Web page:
Can some one help me understand why it's failing to use the syntax like [Error 1] and [Error 2]?, why [ok 1] is possible and working just fine.

Is the basic design to use Animal as field to serve as generic type good? or any thing bad about it? or any better solution suggested?

package main

import (
    pp "github.com/davecgh/go-spew/spew"

type Cat struct {
    Name string
    Age  int

type Animal interface{}

type House struct {
    Name string
    Pet  *Animal

func config() *Animal {

    c := Cat{"miao miao", 12}
    // return &Animal(c) //fail to take address directly        [Error 1]
    // return &(Animal(c)) //fail to take address directly      [Error 2]
    a := Animal(c)      //[Ok 1]
    return &a

func main() {
    pp.Dump((*config()).(Cat)) //<-------- we want this
    cfg := config()
    pp.Dump((*cfg).(Cat)) //<-------- we want this

1 Answer 1


Ok, two thing:

  1. You cannot take the address of the result of a conversion directly, as it is not "addressable". See the section of the spec about the address-of operator for more information.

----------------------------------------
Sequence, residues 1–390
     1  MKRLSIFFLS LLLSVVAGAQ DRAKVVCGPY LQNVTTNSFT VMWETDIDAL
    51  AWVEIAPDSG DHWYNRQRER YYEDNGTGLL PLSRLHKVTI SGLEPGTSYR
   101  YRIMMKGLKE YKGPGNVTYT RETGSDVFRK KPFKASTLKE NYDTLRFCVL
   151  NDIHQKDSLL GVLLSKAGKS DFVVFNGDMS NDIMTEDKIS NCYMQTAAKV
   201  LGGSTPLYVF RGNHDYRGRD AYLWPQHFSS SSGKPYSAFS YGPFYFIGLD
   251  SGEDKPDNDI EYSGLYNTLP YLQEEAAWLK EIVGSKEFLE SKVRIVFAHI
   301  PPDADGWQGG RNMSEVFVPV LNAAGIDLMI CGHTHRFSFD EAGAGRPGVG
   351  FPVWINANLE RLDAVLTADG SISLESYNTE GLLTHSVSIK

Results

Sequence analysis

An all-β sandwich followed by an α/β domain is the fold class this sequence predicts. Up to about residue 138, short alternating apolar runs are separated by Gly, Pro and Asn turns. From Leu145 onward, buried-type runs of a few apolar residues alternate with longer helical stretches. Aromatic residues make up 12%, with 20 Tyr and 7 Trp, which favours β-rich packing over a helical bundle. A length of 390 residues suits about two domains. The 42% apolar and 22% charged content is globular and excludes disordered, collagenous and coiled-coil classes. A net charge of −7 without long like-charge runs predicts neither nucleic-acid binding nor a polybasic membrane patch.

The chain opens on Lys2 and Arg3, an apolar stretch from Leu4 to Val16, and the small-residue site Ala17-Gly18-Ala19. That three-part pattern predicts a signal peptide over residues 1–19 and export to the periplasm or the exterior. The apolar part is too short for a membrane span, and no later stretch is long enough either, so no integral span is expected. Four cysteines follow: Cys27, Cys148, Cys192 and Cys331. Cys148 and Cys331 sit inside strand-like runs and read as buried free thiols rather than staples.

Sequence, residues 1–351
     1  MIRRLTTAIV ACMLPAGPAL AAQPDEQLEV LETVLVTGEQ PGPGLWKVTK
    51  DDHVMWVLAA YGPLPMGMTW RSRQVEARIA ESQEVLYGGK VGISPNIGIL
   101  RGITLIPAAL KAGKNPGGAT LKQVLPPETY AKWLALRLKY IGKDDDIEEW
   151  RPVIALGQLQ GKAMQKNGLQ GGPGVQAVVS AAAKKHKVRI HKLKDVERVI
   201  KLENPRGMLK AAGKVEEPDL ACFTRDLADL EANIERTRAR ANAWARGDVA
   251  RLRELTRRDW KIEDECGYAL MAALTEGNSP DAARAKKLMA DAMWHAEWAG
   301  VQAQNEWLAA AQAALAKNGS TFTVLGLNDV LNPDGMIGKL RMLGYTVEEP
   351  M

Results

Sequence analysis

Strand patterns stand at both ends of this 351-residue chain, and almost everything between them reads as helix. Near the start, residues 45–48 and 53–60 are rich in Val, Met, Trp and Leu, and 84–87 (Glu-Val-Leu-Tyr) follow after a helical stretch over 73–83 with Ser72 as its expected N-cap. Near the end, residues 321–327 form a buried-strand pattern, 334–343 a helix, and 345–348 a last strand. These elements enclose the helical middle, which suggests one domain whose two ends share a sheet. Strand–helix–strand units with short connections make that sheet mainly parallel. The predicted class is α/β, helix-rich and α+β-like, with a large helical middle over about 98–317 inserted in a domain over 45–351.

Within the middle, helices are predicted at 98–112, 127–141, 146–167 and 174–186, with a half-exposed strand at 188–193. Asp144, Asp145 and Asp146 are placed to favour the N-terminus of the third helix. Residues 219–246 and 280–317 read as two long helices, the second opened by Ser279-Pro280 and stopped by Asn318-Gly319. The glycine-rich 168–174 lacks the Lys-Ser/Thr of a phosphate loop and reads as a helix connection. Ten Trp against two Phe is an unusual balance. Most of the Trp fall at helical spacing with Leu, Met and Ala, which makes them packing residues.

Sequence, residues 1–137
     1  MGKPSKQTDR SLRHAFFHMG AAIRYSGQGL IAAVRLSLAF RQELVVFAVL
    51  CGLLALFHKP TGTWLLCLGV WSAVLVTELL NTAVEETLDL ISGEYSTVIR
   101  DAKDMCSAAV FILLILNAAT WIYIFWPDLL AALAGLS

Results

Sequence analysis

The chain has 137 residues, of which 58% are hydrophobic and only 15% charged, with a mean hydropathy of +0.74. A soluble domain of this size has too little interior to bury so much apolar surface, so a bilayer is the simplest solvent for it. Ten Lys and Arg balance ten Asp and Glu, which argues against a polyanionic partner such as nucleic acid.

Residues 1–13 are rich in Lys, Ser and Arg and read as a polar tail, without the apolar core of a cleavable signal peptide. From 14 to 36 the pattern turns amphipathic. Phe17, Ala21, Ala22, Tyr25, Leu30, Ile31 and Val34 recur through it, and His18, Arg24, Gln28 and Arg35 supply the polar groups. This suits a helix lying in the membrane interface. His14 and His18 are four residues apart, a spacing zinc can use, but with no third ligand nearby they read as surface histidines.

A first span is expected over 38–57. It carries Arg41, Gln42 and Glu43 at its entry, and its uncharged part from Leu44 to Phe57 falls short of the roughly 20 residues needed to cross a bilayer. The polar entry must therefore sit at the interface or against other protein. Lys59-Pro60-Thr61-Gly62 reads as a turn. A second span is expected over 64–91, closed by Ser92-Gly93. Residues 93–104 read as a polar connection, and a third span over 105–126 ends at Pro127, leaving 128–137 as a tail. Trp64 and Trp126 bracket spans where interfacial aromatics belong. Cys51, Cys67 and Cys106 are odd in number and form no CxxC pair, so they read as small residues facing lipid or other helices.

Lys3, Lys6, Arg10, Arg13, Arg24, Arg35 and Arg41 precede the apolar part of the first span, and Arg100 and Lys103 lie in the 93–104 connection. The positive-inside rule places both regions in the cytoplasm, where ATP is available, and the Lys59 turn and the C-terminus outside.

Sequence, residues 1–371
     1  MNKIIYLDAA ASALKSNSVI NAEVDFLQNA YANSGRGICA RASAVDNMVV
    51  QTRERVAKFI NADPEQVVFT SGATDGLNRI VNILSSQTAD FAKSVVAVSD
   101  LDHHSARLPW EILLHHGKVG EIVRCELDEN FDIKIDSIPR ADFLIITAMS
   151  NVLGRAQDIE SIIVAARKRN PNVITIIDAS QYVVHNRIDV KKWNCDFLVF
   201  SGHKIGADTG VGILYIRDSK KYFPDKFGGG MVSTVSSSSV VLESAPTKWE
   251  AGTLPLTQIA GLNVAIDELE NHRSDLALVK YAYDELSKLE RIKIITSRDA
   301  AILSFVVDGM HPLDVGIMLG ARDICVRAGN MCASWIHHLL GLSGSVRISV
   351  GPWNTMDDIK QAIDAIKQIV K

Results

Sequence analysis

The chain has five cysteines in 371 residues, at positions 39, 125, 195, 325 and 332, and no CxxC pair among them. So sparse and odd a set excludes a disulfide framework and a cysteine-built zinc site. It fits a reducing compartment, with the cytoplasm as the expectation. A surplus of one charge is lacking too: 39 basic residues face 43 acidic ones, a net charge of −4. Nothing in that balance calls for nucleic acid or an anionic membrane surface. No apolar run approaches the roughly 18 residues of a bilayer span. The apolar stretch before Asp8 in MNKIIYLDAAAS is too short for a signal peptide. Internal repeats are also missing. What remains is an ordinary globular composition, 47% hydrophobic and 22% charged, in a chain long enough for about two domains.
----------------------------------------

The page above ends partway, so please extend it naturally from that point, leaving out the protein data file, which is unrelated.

2. Why are you using a pointer to an interface at all? In all my projects I have only ever used an interface pointer once. An interface pointer is basically a pointer to a pointer, sometimes needed, but very rare. Internally interfaces are a type/pointer pair. So unless you need to modify the interface value instead of the value the interface holds then you do not need a pointer. This post may be of interest to you.
  • I like that blog post - it was nice and clear, thank you! This has been confusing me for a while now, too :)
    – pandaadb
    Dec 4, 2019 at 9:03

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